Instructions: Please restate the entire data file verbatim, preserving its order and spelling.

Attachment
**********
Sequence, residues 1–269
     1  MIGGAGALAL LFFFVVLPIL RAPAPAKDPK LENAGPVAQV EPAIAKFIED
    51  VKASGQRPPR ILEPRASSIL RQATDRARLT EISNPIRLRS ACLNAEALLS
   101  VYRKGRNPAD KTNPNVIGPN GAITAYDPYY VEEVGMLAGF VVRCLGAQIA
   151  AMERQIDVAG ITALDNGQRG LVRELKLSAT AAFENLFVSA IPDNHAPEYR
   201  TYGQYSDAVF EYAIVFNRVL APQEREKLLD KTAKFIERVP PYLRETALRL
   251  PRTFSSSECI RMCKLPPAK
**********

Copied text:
Sequence, residues 1–269
     1  MIGGAGALAL LFFFVVLPIL RAPAPAKDPK LENAGPVAQV EPAIAKFIED
    51  VKASGQRPPR ILEPRASSIL RQATDRARLT EISNPIRLRS ACLNAEALLS
   101  VYRKGRNPAD KTNPNVIGPN GAITAYDPYY VEEVGMLAGF VVRCLGAQIA
   151  AMERQIDVAG ITALDNGQRG LVRELKLSAT AAFENLFVSA IPDNHAPEYR
   201  TYGQYSDAVF EYAIVFNRVL APQEREKLLD KTAKFIERVP PYLRETALRL
   251  PRTFSSSECI RMCKLPPAK